Assessing the Safety of Custom Web-Based Clinical Decision Support Systems in Electronic Health Records: A Case StudyFunding Dr. Fiks is a coinventor of the “Care Assistant” software that was evaluated in this study. He holds no patent on the software and has earned no money from this invention. No licensing agreement exists. Dr. Fiks has also received an Independent Research Grant from Pfizer from which he personally drew no support. Dr. Grundmeier is a coinventor of the “Care Assistant” software that was evaluated in this study. He holds no patent on the software and has earned no money from this invention. No licensing agreement exists. Mr. Miller is a coinventor of “Project SHARE” which is a Care Assistant module to support the care of children with attention deficit disorder. He holds no patent on the software and has earned no money from this invention. No licensing agreement exists. The other authors have indicated they have no financial relationships relevant to this article to disclose.
29 November 2018
13 February 2019
03 April 2019 (online)
Background With the widespread adoption of vendor-supplied electronic health record (EHR) systems, clinical decision support (CDS) customization efforts beyond those anticipated by the vendor may require the use of technologies external to the EHR such as web services. Pursuing such customizations, however, is not without risk. Validating the expected behavior of a customized CDS system in the high-volume, complex environment of the live EHR is a challenging problem.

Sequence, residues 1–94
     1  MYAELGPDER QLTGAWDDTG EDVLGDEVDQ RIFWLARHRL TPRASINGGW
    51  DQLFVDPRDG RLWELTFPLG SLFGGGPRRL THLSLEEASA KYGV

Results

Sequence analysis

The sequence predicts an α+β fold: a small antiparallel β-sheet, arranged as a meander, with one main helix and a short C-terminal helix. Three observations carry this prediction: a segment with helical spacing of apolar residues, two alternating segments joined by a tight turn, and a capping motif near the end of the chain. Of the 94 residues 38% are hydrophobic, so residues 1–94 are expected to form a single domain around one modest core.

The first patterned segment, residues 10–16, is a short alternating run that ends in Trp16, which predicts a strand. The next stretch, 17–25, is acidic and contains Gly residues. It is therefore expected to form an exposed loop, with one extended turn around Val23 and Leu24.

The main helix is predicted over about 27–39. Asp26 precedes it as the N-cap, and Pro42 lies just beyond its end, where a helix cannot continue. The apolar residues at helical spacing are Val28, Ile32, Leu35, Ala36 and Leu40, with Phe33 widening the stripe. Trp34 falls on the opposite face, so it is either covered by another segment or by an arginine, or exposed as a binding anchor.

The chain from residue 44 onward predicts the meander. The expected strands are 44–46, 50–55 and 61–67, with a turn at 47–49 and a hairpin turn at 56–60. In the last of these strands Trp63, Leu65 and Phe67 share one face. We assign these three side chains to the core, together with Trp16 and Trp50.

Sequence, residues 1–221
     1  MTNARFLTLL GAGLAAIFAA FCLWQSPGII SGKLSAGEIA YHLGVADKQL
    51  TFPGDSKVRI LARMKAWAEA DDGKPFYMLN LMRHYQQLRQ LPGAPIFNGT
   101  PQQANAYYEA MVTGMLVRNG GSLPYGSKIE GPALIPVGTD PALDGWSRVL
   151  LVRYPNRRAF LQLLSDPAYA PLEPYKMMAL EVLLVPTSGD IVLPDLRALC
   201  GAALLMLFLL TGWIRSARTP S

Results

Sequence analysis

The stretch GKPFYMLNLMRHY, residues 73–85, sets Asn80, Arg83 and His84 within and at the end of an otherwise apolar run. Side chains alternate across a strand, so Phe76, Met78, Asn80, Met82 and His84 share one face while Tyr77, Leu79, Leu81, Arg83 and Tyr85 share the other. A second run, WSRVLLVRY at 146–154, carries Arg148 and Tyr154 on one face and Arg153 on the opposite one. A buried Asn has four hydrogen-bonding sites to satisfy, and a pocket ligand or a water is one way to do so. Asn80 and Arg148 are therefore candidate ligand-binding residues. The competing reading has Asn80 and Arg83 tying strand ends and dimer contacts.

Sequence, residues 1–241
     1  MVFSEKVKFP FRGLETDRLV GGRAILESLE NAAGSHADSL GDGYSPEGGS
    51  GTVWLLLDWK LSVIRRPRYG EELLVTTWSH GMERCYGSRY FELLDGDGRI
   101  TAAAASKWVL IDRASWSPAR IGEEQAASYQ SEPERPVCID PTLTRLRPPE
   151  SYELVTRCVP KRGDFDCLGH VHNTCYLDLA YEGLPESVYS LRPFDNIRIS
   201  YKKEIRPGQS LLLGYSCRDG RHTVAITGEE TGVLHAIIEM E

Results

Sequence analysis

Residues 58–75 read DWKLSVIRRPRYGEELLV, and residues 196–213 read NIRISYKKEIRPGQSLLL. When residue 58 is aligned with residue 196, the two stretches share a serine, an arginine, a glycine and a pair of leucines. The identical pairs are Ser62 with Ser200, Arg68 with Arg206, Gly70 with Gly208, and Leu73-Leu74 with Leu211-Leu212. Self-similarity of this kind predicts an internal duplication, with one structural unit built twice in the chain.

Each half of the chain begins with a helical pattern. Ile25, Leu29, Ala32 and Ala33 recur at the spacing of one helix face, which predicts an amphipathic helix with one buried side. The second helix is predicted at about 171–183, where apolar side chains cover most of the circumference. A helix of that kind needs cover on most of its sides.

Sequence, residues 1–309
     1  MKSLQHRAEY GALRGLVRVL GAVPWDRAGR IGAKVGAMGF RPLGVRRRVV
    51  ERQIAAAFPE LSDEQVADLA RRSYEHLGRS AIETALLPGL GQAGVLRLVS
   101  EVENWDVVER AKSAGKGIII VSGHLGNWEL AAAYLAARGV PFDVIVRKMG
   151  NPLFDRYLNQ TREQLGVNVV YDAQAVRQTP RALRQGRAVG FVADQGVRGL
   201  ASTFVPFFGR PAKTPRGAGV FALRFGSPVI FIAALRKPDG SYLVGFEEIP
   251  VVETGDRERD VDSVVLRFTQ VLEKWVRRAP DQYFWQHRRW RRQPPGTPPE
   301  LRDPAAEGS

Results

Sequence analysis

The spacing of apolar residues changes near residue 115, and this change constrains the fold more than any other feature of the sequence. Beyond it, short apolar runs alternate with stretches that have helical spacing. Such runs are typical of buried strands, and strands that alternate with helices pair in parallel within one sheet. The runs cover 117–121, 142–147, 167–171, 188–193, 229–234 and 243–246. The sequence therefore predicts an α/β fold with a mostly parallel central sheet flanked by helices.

Objective This article identifies technology failures that impacted clinical care related to web service-based advanced custom CDS systems embedded in the complex sociotechnical context of a production EHR.
Methods In an academic health system’s primary care network, we performed an inventory of incidents between January 1, 2008 and December 31, 2016 related to a customized CDS system and performed a targeted review of changes in the CDS source code. Additional feedback on the root cause of individual incidents was obtained through interviews with members of the CDS project teams.
Results We identified five CDS malfunctions that impaired clinical workflow. The mechanisms for these failures are mapped to four characteristics of well-behaved applications: (1) system integrity; (2) data integrity; (3) reliability; and (4) scalability. Over the 9-year period, two malfunctions of the customized CDS significantly impaired clinical workflow for a total of 5 hours. Lesser impacts—loss of individual features with straightforward workarounds—arose from three malfunctions, which affected users on 53 days.
Discussion Advanced customization of EHRs for the purpose of CDS can present significant risks to clinical workflow.
Conclusion This case study highlights that advanced customization of CDS within a commercial EHR may support care for complex patient populations, but ongoing monitoring and support is required to ensure its safe use.
Keywordsclinical decision support - electronic health records and systems - clinical information systems - safety - error management
Protection of Human and Animal Subjects
This study did not involve human or animal subjects research.
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